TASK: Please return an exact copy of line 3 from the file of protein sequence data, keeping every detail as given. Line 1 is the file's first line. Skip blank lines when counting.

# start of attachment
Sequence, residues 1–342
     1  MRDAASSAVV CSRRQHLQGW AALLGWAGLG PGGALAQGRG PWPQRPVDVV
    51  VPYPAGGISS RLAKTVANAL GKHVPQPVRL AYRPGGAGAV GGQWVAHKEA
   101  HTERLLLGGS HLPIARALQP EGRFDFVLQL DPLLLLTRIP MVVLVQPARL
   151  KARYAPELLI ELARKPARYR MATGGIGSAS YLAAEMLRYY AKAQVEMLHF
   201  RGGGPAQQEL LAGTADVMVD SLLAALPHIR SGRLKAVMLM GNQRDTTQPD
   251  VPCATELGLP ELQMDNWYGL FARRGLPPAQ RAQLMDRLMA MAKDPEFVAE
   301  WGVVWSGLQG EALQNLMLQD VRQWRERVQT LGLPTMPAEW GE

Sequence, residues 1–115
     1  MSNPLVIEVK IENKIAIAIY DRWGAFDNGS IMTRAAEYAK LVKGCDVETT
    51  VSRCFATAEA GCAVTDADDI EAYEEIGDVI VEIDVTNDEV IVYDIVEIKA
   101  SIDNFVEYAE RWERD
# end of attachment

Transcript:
    51  VPYPAGGISS RLAKTVANAL GKHVPQPVRL AYRPGGAGAV GGQWVAHKEA